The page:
VTTI is committed to advancing both the transportation industry and the professional women who are a growing part of it. In this endeavor, VTTI is happy to sponsor the Virginia Tech Chapter of WTS International. Under the mentorship of VTTI research faculty members Drs. Myra Blanco and Charlie Klauer, the Virginia Tech Chapter of WTS seeks opportunities to link young professionals with leaders in the transportation sector for mentorship, access, and networking.
Individuals, families, and groups are invited once a year to come and take a tour of the Virginia Smart Roads and to learn about VTTI research.
The VTTI and VDOT School Day is for students from first grade through college. Every student will have a chance to see the Virginia Smart Roads and other VTTI facilities.
Safe-D, a university transportation center led by VTTI, hosts a series of webinars in which researchers discuss their projects. Future webinars are free to attend, and past webinars are available to view.
There’s an abundance of research on the effects of distraction on highway safety, making it challenging to maintain proper context with past findings. New work is broadening our understanding of distraction by examining questions such as why drivers feel so compelled to engage in distracting activities behind the wheel and how the effects of distraction vary by age and other factors. This webinar will help you understand how to accurately interpret research results and explore the latest science of distracted driving.
The goal of Driving Healthy is to provide commercial motor vehicle drivers with health and wellness information targeted towards the unique needs of CMV drivers. Driving Healthy encourages visitors to explore the information within the Driving Healthy website, to interact with others on their Facebook and Twitter pages, and to share CMV-specific health-related information with others.
When it comes to commercial trucking, education can play a significant role in the safety and well-being of commercial drivers and the public with whom they share the roads. Researchers at VTTI have come together to provide industry professionals – risk managers, safety directors, dispatchers, and their insurance agents – with the information they need to develop strategies for a safer, more productive workforce. On the Commercial Motor Vehicle Driving Safety website, you will find six interactive modules prepared by VTTI research scientists who specialize in the trucking industry. Each module includes a discussion of safety issues, and tools to help develop practical solutions.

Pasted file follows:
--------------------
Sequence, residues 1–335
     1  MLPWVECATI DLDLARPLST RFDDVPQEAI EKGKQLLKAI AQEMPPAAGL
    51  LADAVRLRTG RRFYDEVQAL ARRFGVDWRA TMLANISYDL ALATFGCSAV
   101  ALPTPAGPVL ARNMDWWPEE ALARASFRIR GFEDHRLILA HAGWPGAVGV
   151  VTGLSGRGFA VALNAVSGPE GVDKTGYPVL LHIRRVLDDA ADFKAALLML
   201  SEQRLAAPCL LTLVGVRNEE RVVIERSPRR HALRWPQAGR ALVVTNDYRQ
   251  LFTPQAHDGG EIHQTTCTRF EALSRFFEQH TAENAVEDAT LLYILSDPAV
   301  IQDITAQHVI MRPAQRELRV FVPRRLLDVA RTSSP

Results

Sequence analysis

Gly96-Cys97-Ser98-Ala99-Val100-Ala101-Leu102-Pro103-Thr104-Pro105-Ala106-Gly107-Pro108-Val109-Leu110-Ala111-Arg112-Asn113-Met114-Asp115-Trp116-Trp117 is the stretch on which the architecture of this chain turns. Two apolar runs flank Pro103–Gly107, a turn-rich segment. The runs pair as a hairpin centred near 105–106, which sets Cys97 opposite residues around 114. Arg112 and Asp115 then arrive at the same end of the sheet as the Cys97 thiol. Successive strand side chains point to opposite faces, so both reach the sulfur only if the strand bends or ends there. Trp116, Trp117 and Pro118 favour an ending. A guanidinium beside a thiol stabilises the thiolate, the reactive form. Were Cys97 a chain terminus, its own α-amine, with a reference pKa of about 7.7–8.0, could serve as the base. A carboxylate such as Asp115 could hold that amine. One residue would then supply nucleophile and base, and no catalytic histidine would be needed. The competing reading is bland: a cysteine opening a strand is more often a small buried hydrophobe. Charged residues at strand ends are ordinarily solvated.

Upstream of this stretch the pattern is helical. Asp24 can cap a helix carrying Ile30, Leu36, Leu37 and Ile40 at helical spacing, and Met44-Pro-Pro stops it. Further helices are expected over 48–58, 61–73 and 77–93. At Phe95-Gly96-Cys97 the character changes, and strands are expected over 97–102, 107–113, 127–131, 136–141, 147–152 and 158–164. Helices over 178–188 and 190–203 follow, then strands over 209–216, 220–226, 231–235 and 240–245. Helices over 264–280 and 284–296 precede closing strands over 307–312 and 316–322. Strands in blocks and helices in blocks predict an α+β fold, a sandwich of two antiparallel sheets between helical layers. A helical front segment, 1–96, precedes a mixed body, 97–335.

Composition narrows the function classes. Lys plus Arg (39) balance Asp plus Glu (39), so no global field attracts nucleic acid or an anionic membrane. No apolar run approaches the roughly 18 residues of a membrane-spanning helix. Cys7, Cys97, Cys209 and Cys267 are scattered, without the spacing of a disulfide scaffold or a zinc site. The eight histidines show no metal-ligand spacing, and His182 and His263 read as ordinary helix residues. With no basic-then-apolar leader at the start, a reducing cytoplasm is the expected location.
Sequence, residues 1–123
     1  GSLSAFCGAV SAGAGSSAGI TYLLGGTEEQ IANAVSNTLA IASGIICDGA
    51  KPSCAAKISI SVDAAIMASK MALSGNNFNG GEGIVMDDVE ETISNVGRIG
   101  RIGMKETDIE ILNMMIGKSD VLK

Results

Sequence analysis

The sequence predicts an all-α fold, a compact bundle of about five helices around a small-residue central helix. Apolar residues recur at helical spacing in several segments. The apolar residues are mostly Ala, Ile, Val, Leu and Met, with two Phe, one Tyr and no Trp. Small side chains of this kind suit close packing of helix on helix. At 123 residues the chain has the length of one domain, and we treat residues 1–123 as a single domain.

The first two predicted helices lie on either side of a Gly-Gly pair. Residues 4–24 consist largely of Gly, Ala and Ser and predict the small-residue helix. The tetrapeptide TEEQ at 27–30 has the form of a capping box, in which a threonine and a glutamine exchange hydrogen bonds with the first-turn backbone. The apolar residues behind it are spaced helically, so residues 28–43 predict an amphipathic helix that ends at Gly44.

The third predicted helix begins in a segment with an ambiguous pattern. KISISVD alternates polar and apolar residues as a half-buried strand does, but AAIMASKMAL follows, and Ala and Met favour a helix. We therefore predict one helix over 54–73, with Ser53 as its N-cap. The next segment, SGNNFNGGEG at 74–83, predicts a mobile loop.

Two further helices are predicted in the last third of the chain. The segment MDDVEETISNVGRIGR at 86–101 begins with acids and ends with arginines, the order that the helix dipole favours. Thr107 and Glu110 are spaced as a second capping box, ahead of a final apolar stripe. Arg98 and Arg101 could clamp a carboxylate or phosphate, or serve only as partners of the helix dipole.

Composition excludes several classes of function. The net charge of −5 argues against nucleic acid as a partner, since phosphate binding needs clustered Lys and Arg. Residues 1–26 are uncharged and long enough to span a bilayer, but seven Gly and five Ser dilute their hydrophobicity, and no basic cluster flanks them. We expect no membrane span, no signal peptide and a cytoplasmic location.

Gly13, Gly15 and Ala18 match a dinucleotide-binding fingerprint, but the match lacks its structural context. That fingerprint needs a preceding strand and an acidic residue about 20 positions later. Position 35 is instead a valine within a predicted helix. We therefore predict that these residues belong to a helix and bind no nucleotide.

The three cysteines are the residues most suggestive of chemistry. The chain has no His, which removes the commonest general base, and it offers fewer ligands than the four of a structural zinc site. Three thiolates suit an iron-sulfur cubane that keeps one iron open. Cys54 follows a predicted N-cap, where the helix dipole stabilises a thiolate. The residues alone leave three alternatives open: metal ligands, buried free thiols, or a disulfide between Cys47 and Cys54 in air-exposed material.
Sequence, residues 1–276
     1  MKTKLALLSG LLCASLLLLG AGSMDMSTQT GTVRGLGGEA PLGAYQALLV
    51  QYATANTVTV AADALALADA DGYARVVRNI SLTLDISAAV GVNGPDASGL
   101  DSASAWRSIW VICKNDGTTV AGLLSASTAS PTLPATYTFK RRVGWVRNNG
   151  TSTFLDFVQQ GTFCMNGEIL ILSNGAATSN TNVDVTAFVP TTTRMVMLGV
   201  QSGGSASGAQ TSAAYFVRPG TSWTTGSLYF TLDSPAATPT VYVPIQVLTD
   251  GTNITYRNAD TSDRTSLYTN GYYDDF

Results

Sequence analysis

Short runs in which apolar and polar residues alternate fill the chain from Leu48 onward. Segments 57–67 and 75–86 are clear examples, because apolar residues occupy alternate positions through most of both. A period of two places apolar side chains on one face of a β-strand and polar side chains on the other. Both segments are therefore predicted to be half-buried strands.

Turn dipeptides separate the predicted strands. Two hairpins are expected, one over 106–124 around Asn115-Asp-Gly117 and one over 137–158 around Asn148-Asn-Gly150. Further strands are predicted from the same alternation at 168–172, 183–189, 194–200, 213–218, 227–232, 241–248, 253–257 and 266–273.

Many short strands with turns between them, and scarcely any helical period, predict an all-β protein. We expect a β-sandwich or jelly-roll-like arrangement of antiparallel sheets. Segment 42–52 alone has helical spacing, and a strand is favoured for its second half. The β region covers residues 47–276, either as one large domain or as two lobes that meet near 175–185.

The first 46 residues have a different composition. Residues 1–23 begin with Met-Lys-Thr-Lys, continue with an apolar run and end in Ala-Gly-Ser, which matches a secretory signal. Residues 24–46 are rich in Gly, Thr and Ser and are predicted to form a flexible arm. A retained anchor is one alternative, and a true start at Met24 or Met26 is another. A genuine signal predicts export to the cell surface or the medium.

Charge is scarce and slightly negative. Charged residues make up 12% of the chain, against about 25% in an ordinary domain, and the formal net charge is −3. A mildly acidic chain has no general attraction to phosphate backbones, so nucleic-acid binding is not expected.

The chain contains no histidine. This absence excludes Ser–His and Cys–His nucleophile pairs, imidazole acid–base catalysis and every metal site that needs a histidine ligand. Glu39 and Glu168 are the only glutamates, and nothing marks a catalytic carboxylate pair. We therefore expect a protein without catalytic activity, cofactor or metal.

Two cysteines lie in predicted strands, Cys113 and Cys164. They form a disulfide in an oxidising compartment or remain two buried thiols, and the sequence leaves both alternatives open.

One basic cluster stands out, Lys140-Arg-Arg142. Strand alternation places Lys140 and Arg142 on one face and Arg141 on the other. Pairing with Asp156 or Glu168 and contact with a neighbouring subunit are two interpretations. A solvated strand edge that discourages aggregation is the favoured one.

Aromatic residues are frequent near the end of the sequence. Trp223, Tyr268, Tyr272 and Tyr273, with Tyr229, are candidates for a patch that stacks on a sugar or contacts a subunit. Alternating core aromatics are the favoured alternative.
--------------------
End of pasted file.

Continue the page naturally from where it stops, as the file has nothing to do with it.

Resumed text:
Car drivers have been found to be at fault in over three-quarters of crashes and near-crashes involving heavy vehicles. This may be indicative of inadequacies in driver education and training programs related to safely sharing the road with heavy vehicles. The Tips for Sharing the Road with Commercial Motor Vehicles website was designed to cover five key sharing-the-road scenarios using video clips of real-world driving events captured during one of VTTI’s naturalistic driving studies. The website includes video clips of driving, simulator screenshots, scenario descriptions, short tips and facts, and photographs of actual crashes between cars and heavy vehicles to convey the importance of proper road-sharing behavior. Although the website is aimed at new drivers, all drivers can benefit from reviewing the material and scenarios to ensure that they are sharing the road properly every time they get behind the wheel.
Housed on the website of the Federal Motor Carrier Safety Administration, the Commercial Motor Vehicle CMV Driving Tips website was developed to educate CMV drivers and fleet managers about common driving errors and provide valuable driving tips through the Internet. The driving tips, ideas, and suggestions outlined on the website are supported with real-world driving video clips that exemplify errors. The truck videos shown on the website were collected during real-world (open-roadway) driving studies conducted by VTTI. As a training exercise, the examples on the website are followed by sets of questions aimed to spark thoughtful introspection regarding the behaviors shown in the videos.
VTTI researchers have created a presentation for Virginia judges to use during the licensing ceremony that all teens and parents in Virginia must attend for teens to receive their license. The goal is to provide information about the greatest driving risks for teens and what countermeasures have been shown to reduce risk.
VTTI researchers developed a parent/teen driving agreement as part of the Ford Driving Skills for Life program. This agreement is adapted from the Checkpoints Program developed by Bruce Simons-Morton at the National Institute of Child Health Development. Consider using this agreement when your teen starts to drive independently.